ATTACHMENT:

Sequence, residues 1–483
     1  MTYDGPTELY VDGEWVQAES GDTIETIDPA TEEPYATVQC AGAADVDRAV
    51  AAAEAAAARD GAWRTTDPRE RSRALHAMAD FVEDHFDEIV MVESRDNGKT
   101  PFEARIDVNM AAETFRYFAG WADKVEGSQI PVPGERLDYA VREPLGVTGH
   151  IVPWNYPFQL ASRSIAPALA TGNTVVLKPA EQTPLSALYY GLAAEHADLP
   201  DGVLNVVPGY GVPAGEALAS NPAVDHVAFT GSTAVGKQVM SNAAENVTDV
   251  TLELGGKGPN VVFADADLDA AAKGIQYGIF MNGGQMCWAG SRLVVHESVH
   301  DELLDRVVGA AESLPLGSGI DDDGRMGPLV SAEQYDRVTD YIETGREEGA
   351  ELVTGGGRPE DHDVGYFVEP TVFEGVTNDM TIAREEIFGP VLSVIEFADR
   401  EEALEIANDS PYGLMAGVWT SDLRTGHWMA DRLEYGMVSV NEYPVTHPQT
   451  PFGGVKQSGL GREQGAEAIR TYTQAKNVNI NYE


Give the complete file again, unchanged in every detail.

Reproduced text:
Sequence, residues 1–483
     1  MTYDGPTELY VDGEWVQAES GDTIETIDPA TEEPYATVQC AGAADVDRAV
    51  AAAEAAAARD GAWRTTDPRE RSRALHAMAD FVEDHFDEIV MVESRDNGKT
   101  PFEARIDVNM AAETFRYFAG WADKVEGSQI PVPGERLDYA VREPLGVTGH
   151  IVPWNYPFQL ASRSIAPALA TGNTVVLKPA EQTPLSALYY GLAAEHADLP
   201  DGVLNVVPGY GVPAGEALAS NPAVDHVAFT GSTAVGKQVM SNAAENVTDV
   251  TLELGGKGPN VVFADADLDA AAKGIQYGIF MNGGQMCWAG SRLVVHESVH
   301  DELLDRVVGA AESLPLGSGI DDDGRMGPLV SAEQYDRVTD YIETGREEGA
   351  ELVTGGGRPE DHDVGYFVEP TVFEGVTNDM TIAREEIFGP VLSVIEFADR
   401  EEALEIANDS PYGLMAGVWT SDLRTGHWMA DRLEYGMVSV NEYPVTHPQT
   451  PFGGVKQSGL GREQGAEAIR TYTQAKNVNI NYE